Two months after claiming there was "no indication" that confidential information was exposed in a security cock-up, domain name overseer ICANN has admitted it happened on at least 330 occasions.
Following an audit of its main customer portal, the organization confirmed what we reported at the start of March: that misconfigured Salesforce software had given every user access to every other user's information, including financial projections, launch plans and confidential exchanges.
All any authorized user had to do was tick a box on the advanced search page to be served attachments connected to any of the more than 1,500 applications for new dot-word domains like .blog and .london, over a third of which came from the world's biggest brands.
The audit revealed that happened 330 times between 17 April, 2013, and 17 March, 2014, and impacted 96 applicants. The searches were carried out by 19 users.
ICANN's new CIO Ashwin Rangan admitted in an interview today that his org does not know if the confidential attachments were downloaded or not. Those impacted "will be informed shortly," Rangan added in a statement.
ICANN said it realizes that "any compromise of our users' data is unacceptable," and that it "deeply regrets this incident." It pledged "to accelerate our efforts to harden all of our digital services."
Incredibly, however, it appears to place blame on the users that used the advanced search feature: "ICANN is contacting the user or users who appear to have viewed information that was not their own and requiring that they provide an explanation of their activity. We are also asking them to certify that they will delete or destroy all information obtained and to certify that they have not and will not use the data or convey it to any third party."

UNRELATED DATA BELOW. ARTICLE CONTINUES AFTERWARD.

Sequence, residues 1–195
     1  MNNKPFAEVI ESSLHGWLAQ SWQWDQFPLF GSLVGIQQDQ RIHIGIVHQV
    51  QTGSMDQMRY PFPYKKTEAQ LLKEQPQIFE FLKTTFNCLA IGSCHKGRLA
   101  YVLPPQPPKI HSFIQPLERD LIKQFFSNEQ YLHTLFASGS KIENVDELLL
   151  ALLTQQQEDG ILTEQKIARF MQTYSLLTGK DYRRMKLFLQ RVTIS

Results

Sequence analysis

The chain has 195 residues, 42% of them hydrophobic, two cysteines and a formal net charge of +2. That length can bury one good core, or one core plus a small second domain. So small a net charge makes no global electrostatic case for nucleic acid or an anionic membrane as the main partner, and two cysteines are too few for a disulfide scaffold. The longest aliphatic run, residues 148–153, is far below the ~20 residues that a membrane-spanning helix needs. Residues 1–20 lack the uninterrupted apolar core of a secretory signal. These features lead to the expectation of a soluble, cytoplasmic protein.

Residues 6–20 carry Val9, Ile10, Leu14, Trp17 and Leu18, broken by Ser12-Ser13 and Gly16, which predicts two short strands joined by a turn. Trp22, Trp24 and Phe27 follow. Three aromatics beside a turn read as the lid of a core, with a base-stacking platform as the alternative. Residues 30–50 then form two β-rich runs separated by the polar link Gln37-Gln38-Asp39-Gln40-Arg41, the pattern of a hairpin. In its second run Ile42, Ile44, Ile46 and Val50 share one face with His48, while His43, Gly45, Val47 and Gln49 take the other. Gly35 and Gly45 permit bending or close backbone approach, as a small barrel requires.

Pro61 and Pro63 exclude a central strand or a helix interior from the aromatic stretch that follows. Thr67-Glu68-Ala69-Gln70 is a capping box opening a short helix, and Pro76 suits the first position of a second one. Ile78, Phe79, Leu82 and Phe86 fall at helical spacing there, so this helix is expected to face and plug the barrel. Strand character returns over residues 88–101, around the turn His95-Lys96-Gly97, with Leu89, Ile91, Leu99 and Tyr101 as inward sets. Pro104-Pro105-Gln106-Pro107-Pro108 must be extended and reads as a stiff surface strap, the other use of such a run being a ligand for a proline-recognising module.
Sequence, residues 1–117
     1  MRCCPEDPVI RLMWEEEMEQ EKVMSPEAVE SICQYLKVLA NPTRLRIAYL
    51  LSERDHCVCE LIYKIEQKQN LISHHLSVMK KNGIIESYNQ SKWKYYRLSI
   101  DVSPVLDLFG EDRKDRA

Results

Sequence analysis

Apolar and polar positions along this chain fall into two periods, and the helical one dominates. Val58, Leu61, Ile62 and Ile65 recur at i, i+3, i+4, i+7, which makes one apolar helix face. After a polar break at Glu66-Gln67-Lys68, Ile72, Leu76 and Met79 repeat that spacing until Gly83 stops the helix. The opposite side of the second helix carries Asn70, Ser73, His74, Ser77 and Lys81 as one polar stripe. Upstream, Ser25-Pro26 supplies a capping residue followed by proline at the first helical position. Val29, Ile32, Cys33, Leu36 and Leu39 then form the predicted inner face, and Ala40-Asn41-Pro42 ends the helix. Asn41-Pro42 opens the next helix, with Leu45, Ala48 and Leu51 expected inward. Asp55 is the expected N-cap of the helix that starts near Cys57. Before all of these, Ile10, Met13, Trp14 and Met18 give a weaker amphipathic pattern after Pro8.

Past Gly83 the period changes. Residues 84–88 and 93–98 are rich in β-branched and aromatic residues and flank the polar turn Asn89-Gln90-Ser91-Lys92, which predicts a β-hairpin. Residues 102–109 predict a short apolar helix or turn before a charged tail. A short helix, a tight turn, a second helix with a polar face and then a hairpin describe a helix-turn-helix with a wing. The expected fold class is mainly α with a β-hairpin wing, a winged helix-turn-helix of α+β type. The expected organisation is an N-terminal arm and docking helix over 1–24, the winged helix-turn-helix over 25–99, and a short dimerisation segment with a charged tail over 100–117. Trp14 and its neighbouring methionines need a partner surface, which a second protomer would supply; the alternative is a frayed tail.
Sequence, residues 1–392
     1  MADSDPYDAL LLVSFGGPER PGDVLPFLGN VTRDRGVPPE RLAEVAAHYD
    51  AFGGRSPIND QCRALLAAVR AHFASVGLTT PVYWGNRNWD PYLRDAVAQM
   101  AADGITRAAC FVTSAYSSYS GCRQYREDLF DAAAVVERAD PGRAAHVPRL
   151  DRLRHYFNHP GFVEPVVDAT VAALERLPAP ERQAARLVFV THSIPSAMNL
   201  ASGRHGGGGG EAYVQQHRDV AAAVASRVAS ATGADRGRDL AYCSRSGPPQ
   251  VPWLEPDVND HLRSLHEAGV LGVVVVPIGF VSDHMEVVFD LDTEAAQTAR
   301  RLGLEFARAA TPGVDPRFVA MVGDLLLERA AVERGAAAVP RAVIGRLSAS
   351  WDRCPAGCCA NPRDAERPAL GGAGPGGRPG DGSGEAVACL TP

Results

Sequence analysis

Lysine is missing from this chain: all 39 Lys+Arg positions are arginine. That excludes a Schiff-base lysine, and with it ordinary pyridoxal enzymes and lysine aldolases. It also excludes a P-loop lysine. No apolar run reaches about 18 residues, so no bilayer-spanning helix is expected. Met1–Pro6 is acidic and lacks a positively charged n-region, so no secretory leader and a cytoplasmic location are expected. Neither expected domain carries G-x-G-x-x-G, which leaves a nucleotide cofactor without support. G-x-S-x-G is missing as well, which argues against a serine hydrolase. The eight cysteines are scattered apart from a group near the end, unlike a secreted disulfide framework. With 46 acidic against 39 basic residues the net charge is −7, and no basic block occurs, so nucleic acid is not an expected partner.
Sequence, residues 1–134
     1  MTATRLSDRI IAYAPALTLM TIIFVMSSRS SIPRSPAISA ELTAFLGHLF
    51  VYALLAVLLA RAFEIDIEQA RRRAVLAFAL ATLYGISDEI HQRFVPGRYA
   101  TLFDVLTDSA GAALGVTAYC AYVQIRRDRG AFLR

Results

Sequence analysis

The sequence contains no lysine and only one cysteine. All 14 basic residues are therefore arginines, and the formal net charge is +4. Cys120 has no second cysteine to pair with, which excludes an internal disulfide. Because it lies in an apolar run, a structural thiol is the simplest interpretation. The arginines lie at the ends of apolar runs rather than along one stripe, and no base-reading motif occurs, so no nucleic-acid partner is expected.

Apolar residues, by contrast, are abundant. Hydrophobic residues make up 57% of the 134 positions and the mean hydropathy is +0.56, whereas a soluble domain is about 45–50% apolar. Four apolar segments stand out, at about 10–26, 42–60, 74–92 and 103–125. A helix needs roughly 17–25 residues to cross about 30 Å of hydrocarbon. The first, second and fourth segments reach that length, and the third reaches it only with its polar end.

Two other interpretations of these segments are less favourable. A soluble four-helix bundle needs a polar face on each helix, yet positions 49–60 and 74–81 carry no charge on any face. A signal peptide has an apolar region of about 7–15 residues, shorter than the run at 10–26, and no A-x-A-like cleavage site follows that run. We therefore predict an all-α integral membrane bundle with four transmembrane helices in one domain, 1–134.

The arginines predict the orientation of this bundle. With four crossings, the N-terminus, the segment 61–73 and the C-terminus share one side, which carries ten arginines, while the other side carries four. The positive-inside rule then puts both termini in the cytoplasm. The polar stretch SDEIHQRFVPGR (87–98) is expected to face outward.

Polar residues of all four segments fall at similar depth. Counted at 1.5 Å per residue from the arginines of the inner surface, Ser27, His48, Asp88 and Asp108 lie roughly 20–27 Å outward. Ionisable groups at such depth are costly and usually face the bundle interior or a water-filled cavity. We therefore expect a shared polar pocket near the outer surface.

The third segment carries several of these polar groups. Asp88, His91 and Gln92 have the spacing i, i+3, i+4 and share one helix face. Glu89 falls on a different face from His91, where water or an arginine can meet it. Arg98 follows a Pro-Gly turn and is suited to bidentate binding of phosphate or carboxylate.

It also said it plans to tell those affected by the security snafu who exactly had been looking at their records.
Just one of many
ICANN has a history of security breaches despite being the organization in charge of the internet's domain name system and being in line to take over the critical IANA functions, which the internet depends on for its smooth running.
A "glitch" in its application software for the hundreds of new top-level domain names back in April 2012 also allowed users to see the details of other applicants.
ICANN took down its web app for a month, and was forced to delay the launch of its landmark program that it had been working on for more than four years.
In December 2014, the organization admitted that a number of its systems had been compromised including the Centralized Zone Data System (CZDS) – where the internet core root zone files are mirrored – the wiki pages of the Governmental Advisory Committee (GAC), the domain registration Whois portal, and the organization's blog. That incident revealed that ICANN did not use even basic two-factor authentication for many of its systems.
And those are just the security breaches that ICANN has owned up to. In an extensive paper published by dot-com registry and maintainer of the internet's root zone Verisign late last year, a long list of technical and security problems at ICANN were highlighted. It noted a "growing list of examples where ICANN's operational track record leaves much to be desired." ®